Our Remarkable Home

Our Remarkable Home

By Jan TenBruggencate

Kalo in the lo‘i at Limahuli Garden.

It is possible for a visitor or even a resident to spend time in Hawai`i, entirely missing what makes this place special.

You can shop at Costco, stop in a burger joint, drive down a street lined with Southeast Asian golden shower trees. You can stop at a beach park shaded by non-native ironwoods, work in an industrial park in buildings sheathed in Chinese steel, and listen to some country music before watching politics on Fox or MSNBC.

A visitor can fly into the airport, collect baggage and maybe spot a non-native dendrobium lei, catch a shuttle to the hotel, ride a quiet elevator to a high floor and then look out over the ocean.

You can do all these things and have no hint that you’re in a place with a special culture, a history, an environment that stands apart.

Hawai‘i has a nice climate, palm trees, sandy beaches — but for that you could be in the Caribbean, the Solomons, the Seychelles. There’s a whole swath of the tropics that supports lots and lots of really nice places. But these islands stand apart for something more.

The culture of the Hawaiian Islands is unique. How a Polynesian voyaging tradition interfaced with a subtropical island chain to establish a stable island community, that’s one piece. Another is how that community responded to an avalanche of insults like new cultures, diseases, and a new economic system.

There is a fascinating history to these islands, and there is no shortage of excellent reading material about it.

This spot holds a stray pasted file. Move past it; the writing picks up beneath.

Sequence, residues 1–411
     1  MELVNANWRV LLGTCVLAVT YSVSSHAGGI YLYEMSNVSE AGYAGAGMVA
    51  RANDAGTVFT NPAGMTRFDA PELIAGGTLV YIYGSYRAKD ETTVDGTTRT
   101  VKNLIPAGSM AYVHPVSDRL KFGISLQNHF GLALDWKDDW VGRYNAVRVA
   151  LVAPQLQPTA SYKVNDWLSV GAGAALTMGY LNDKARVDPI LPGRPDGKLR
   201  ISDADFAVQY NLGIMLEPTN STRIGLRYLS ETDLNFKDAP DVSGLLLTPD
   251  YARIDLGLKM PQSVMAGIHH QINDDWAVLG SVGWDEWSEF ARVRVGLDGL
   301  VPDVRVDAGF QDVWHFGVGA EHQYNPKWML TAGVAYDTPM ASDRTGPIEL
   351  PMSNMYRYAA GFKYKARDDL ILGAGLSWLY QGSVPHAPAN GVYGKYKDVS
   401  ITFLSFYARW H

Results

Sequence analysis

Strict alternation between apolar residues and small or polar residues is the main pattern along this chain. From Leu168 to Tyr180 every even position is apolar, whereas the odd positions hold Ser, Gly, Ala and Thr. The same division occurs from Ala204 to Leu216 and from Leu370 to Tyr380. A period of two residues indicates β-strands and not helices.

Read Patrick Kirch’s “A Shark Going Inland is My Chief: The Island Civilization of Ancient Hawai‘i.”

And Gavan Daws’ “Shoal of Time: A History of the Hawaiian Islands.”

And Liliuokalani’s “Hawaii’s Story by Hawai‘i’s Queen.”

And perhaps Jay Hartwell’s “Na Mamo: Hawaiian People Today.”

That’s for starters. Go talk to a public librarian for tips on where else to look for reading material.

Our environment is unique, although you don’t see much of the original Hawaiian native environment in the developed parts of the islands, with their landscape plants introduced from every part of the globe.

Our tall panax hedges and brilliant bougainvillea, our red African tulip and spreading monkeypod trees, the drooping spider lilies and mock orange hedges — it’s all gorgeous, but it’s not Hawaiian.

Jan TenBruggencate

The National Tropical Botanical Garden at Lawa‘i has a newly upgraded canoe garden, featuring the plants brought to the Hawaiian Islands by the early Polynesian voyagers — the plants that made up their supply kit for making any new island habitable. Food plants, fiber plants, medicinal plants, a nice botanical toolbox to supplement whatever they found naturally on a new island.

The Limahuli Garden on the North Shore, also a part of the National Tropical Botanical Garden, celebrates both introduced and native plants. Its tours are an important piece of a serious visitor or resident’s education into the real Hawai‘i.

Whether you live here or are visiting, it’s worth your time to learn a little about this remarkable place.

  • Jan TenBruggencate is a Kaua‘i based writer and communications consultant.

 

By | 2018-02-21T12:06:09+00:00 February 20th, 2018|0 Comments

About the Author:

Léo Azambuja, editor of For Kaua‘i, has won multiple journalism awards in the state of Hawai‘i, including investigative and enterprise reporting, spot news and feature writing, photojournalism and online reporting.

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